While almost every article that appears in this column relates to poor "engineering", I would suggest that MORE people who experience these situations take the time to contact the various gov't oversite agencies to formally complain. That is the ONLY way that manufacturers and/or distributors are going to get the message. This is especially true for the automotive industry. This article is a prime example for such an occurrence. The family involved should have NOT wasted their efforts to contact CHEVROLET, instead they should have contacted the NHTSA, highlighted all the facts, and then waited for a response. IF, in fact, an internet search showed several thousand entries from other owners experiencing the same malfunction, that would have been sufficient "ammunition" to generate interest at the agency. Contacting Consumer Protection Agencies in local state gov'ts may also offer some relief, since the dealership which sold the vehicle may have to answer to a gov't agent, a burden they'd rather avoid!
Inferior quality is one issue. Even worse is Chevy's apparant willingness to deny the problem and take care of their customers. This is one reason so many of their customers now buy Toyotas. I'm sure it's expensive to correct this problem. I'm inclined to think that they have gambled that it's cheaper to loose customers and or fight it in court when the time comes.
As it happens, I'm in the market for a new vehicle. I was considering a new small Chevy as a town car. This article has convinced me that this is a bad idea.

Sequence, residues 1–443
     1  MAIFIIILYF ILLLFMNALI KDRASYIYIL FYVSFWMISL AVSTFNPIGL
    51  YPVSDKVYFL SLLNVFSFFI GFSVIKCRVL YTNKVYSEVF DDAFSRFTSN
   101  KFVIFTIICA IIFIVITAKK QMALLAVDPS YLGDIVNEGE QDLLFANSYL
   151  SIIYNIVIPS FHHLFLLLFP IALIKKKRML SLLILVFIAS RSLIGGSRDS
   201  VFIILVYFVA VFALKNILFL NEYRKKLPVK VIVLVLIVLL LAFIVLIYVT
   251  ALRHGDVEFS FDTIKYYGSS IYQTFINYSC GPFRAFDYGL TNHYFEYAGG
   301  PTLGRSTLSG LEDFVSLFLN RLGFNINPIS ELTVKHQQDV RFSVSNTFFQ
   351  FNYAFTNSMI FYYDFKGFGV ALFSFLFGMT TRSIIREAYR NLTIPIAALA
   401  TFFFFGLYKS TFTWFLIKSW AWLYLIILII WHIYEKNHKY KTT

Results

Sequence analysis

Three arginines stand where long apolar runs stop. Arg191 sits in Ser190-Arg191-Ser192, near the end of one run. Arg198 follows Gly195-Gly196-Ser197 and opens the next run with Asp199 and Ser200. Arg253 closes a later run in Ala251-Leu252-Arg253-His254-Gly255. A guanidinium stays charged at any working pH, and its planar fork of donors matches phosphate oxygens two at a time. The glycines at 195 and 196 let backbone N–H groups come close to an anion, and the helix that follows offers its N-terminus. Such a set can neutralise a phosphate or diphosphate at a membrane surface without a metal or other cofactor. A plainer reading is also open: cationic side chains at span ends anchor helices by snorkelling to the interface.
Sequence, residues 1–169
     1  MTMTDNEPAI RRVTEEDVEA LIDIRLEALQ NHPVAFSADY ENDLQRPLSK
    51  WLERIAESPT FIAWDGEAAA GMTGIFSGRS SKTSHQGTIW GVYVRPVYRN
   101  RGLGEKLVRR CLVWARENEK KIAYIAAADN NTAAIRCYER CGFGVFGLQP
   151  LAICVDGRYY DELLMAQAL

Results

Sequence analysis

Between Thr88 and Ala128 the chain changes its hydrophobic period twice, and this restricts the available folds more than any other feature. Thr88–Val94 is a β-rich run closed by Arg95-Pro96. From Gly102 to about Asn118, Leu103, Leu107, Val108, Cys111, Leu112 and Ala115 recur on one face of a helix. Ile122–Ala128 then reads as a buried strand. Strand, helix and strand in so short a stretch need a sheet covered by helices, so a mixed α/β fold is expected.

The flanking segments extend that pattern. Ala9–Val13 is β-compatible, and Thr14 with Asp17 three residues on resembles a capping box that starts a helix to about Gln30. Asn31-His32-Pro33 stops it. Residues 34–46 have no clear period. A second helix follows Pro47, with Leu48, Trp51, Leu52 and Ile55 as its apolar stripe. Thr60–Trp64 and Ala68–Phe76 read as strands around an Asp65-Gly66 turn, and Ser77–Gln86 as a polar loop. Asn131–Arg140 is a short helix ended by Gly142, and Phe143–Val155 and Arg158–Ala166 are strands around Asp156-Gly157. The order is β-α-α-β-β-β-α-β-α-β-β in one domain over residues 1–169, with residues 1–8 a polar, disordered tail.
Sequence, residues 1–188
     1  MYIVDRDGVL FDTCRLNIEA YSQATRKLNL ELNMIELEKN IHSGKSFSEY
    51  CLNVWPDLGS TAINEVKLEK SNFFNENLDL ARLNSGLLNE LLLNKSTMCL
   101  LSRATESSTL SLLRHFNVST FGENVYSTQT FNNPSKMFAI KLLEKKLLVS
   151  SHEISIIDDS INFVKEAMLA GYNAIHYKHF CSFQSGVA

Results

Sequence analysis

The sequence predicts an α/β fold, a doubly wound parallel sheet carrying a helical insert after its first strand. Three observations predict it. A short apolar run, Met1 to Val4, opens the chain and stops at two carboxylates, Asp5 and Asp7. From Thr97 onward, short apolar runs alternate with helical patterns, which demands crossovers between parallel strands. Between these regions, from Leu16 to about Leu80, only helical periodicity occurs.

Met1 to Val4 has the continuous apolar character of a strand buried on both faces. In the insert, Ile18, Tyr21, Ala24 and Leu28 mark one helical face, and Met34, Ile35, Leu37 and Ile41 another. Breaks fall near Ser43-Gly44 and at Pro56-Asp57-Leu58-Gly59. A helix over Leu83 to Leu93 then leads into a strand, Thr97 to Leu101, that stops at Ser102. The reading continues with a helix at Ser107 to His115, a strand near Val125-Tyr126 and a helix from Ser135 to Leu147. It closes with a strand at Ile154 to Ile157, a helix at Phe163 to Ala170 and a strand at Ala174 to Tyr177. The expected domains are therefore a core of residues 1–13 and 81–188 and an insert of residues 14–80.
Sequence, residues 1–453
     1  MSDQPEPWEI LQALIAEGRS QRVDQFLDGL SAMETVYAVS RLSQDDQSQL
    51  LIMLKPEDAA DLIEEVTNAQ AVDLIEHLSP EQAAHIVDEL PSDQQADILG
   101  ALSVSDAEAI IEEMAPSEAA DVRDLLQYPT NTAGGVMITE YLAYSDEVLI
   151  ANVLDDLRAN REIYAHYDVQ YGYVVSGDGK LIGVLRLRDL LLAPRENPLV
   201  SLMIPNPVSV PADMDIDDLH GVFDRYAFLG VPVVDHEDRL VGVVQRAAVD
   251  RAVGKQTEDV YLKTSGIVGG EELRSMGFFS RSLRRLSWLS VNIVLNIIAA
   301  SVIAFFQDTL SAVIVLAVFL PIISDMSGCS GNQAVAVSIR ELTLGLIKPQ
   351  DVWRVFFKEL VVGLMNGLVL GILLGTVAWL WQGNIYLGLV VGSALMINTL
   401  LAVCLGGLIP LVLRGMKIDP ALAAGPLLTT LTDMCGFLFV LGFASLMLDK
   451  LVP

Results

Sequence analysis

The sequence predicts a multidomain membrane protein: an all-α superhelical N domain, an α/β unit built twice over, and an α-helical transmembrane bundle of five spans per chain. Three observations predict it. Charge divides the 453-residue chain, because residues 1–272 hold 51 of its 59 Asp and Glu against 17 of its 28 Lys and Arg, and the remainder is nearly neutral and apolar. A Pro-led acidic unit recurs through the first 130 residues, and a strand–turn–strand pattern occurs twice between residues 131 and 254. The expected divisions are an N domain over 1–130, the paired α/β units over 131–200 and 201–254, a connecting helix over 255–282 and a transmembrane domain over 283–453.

Where did this person do his research at? The Cobalt has never made any recommended lists that I know of. Did he forget GM went bankrupt. Thank God, 180,000 trouble free miles ago, I bought a Honda. If he had researched the Civic or Accord we would not be having this discussion. Oh, by the way my Accord was build in Marysville Ohio.
Amazing stories. When I heard of electric power assist years ago, I thought "great idea - no more fluid leaks, hoses, engine-driven belts", but looks like the implementation fell short. I second the brushless DC motors idea. Seems wise for a motor in continual use where brushes would wear significantly, though costs are higher.
Where do they come up with $3500 for a replacement assembly, and no individual parts sold? Can GM spell "extortion"? Do you think their field testing predicted brushes would fail every 45K miles? I drive several 60's cars and parts are so cheap I keep a backup for most everything on the shelf.
Re safety, I assume they designed the electric assist with something like an over-running clutch or slip clutch (aka garage door opener). Otherwise, a jammed motor or gear could lock up the steering, which is the worst thing. Even if one only loses the assist, that is enough to cause some people to scream and just let go of the wheel (my wife). In traditional hydraulic systems, that happens whenever the engine cuts off, whereas electric assist continues as long as the battery is good, which seems more reliable.
I lost the assist in a hydraulic system recently when the plastic pulley cracked, which also drained the battery (alternator slipped on serpentine belt). I only noticed when I exited the freeway, with strong effort on the wheel. The problem is you only notice the lost assist when you need it most.
Compliments to Mr. Horton for tracking down the problem. Chevrolet's response, as explained here, is shameful, especially considering the potentially dangerous effects of this problem. I also agree with "Old Curmudgeon" below, who suggests that the victims of this kind of shoddy design should make a point of contacting appropriate government agencies.